Monday, August 8, 2011
Wednesday, August 3, 2011
Thursday, July 21, 2011
This was a comment at the end of a workshop on “Presenting Yourself.” Made after an exercise in which I’d asked the participants to exaggerate all the presentation techniques they’d learned in the last 6 weeks. “Go too far,” I’d said, knowing after 35 years of teaching that they wouldn’t.
At some point in the process of becoming members of a functioning society, each of us has been warned “to quiet down,” “to be seen and not heard,” “don’t draw attention to yourself,” and the like. Those are the demands of the schoolroom, sometimes the family dinner table, and enforced when we’re part of many audiences. But not when we’re on stage.
There the opposite is true. No audience will be comfortable unless their leader, the performer, is larger than the audience. Unless the performer’s energy is larger, gestures wider, voice more authoritative.
Fortunately, all the workshop participants understood, after the exercise, that “going too far” was only the beginning of a good performance.
Tuesday, July 5, 2011
Which is always a learning experience. Why wasn't it a 10? After I heard the playback at the recording session, I realized that I hadn't connected fully with my imaginary audience on the other side of the microphone. I had confined my energy to the tiny recording studio. I thought I had learned that lesson 50 years ago.
I didn't remember, until I began this posting, that just prior to recording I had spent 4 hours answering phones for the station's spring fund drive. And using my energy to shield myself for 4 hours from the woman across the table from me, one of the most socially inept–or actively obnoxious, take your pick–women I've ever met.
Lesson learned. Again.
Monday, June 6, 2011
Friday, May 27, 2011
Thursday, May 26, 2011
Wednesday, May 25, 2011
Monday, May 23, 2011
Wednesday, April 6, 2011
The last issue of Zoetrope: All Story has one of the best short stories I’ve read in years–”Rothko Eggs,” by Keith Ridgway. The narrator, a teenage girl, liked art that’s “empty.” “Really good artists” left a lot out so that “she could take her own things into the painting.” She didn’t like an artist who didn’t leave much room and was just “trying to look like he had amazing ideas.”
I went to a performance recently that didn’t let me take anything into it. I was told what to think about the theme; the emotions expected of me were obvious. I was being presented to, preached to; there was no room for me in what was happening on stage. I predictably responded by refusing to think or feel as instructed, and left the performance angry.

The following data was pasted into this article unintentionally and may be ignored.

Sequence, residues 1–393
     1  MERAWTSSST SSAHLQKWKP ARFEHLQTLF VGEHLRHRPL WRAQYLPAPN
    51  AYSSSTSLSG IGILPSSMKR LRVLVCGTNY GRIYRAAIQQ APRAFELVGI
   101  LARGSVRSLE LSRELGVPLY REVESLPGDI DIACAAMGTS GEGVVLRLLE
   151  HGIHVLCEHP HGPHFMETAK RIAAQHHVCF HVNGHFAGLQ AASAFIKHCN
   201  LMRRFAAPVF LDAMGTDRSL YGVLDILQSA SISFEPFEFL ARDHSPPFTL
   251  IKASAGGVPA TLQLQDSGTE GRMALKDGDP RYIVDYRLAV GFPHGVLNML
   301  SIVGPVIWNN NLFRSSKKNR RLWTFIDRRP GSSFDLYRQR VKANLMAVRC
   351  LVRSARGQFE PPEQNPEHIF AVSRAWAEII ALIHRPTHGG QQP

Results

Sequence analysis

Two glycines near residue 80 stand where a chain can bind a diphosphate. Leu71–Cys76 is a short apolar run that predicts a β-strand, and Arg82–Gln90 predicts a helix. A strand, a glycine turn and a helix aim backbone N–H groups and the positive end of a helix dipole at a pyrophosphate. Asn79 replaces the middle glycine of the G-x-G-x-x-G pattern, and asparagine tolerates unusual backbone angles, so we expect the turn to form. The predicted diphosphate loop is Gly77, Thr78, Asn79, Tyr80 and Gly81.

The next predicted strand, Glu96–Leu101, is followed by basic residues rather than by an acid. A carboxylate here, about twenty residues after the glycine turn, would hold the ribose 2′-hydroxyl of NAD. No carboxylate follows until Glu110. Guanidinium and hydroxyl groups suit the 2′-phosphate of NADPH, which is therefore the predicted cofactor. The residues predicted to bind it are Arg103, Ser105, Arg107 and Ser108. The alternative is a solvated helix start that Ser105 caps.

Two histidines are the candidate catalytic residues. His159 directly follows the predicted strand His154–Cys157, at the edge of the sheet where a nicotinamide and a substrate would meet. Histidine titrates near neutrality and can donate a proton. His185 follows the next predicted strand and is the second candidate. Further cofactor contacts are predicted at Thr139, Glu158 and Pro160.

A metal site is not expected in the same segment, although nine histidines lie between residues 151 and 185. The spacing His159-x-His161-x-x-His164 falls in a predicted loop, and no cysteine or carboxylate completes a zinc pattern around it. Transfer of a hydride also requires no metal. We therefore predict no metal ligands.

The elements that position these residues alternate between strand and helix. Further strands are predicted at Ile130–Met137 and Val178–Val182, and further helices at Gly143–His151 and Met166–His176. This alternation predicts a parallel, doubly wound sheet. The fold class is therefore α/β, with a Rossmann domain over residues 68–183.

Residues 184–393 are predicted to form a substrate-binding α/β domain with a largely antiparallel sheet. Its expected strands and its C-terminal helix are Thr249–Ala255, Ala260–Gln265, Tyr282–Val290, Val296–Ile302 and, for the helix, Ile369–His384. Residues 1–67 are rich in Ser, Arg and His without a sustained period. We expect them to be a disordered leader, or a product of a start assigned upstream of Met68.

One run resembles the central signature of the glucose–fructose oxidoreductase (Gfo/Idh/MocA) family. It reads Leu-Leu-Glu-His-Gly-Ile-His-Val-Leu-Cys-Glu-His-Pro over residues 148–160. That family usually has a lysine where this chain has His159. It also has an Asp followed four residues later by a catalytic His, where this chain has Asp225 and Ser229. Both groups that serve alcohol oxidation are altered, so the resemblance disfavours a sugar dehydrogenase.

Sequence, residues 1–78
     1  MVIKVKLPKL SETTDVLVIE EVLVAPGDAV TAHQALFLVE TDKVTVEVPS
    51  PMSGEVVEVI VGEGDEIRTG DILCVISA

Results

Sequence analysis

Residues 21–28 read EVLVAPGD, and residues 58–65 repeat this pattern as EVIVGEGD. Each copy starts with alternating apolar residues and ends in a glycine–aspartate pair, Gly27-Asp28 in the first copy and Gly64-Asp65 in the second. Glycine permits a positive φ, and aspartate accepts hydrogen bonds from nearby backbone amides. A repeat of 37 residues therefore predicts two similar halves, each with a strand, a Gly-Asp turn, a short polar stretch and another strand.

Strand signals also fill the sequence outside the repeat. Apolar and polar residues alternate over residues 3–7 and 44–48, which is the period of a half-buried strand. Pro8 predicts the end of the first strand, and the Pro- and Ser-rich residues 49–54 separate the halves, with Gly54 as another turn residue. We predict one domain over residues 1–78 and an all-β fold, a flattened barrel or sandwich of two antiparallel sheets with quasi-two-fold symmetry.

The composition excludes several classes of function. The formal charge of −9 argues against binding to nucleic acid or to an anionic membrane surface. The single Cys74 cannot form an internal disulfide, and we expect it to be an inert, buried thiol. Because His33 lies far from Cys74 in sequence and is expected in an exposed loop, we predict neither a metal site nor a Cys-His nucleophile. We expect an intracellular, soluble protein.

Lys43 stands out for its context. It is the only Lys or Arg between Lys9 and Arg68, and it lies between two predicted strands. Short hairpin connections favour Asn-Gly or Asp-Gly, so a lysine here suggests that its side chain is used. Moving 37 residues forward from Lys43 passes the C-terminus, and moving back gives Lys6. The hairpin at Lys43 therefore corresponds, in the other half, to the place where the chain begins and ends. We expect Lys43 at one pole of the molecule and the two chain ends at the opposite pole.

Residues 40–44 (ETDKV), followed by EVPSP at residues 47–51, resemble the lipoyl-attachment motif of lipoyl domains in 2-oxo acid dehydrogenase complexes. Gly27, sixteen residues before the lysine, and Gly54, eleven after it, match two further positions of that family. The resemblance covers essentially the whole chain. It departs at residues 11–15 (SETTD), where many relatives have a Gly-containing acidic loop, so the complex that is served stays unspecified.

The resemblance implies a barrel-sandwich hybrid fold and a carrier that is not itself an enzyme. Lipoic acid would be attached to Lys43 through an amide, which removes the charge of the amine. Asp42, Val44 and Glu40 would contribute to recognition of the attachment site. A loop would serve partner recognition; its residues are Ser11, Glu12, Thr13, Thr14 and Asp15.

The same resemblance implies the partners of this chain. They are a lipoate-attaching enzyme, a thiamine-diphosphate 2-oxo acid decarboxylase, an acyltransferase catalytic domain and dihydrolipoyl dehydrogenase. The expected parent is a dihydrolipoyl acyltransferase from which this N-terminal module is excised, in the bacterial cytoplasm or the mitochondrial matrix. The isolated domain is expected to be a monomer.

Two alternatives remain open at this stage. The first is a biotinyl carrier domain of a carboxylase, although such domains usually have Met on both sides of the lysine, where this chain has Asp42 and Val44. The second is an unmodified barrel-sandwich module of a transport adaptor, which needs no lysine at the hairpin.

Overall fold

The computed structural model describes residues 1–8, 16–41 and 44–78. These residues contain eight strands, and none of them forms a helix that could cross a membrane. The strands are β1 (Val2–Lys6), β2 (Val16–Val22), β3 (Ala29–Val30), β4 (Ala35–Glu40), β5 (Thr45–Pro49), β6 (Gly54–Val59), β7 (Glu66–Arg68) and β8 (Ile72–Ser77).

I also saw recently a production of Sondheim’s Assassins. To my mind, it’s theme is that presidential assignation attempts are the logical extension of the American dream, the way to become “somebody.” That’s a crazy statement, and yet I walked out of the theatre accepting it as rational. Because I was allowed to laugh at the idea, to bring my own experiences to bear on it, to think about it.
Thursday, February 24, 2011
Monday, February 14, 2011
Another argument for not “projecting” to an audience:
I wrote in my last Community Arts Cafe column that when we involve the audience in a presentation, rather than projecting at them, we can pick up valuable information. I used, as an example, a reading that I gave from When Last on the Mountain, an anthology that I co-edited. I had thought that the eponymous piece would be a great ender. Very inspiring, I thought. Wrong. I could feel from the audience that it had not been inspiring, but a big downer. So I looked at my watch, noted with “delighted surprise” that we had time for one more, flipped through the book and landed on a piece that left them laughing.
I had a similar experience a few weeks later. I was reading the first 5 minutes of a new short story at an open mic. I’d had 7 other writers critique it, had revised it many times, and had thought it wasn’t the greatest story ever, but good enough to send out.
The first page went well–laughter in the appropriate places–but during the second page, I heard a voice in my head saying, “This is so banal.” A voice, not one of my own thoughts.
So I took the story to my best critic and, without telling him why, asked him to read the first 3 pages. He immediately told me what was wrong with it. So now I have to rewrite the whole story, and I’m embarrassed that I ever sent it out.
Audience feedback is a marvelous thing.
Monday, January 24, 2011
I went to hear 5 writers reading their work last week and, though all 5 were present, I ended up hearing 1-1/2 of them.
I got a coughing fit, which I do when I don’t realize that I’m angry. The knees of the publisher sitting next to me were jumping out of control. Because we couldn’t hear most of what was being read to us.
Always on the side of the performer, I’ve tended to blame the sound system for my hearing problems in that hall. But not this time. Not after being able to hear 1 out of 5 clearly.
What went wrong? Let me count the ways:
Did they practice with the sound system? I doubt it.
They rushed, giving us no time to hear a word before they went on to the next one. An audience of 100 people needs more time to assimilate what it hears than does a group of 6.
They were not sharing the work with us. They were reading into an auditorium with people in it.
They were not reliving the stories they’d written. They were just reading the words.
1 of the writers avoided all these problems. She was engaged in her stories; she embraced the audience; we heard every word.
Did I mention that I was sitting next to a publisher? His knees stopped jiggling. He said, “I need to sign her.”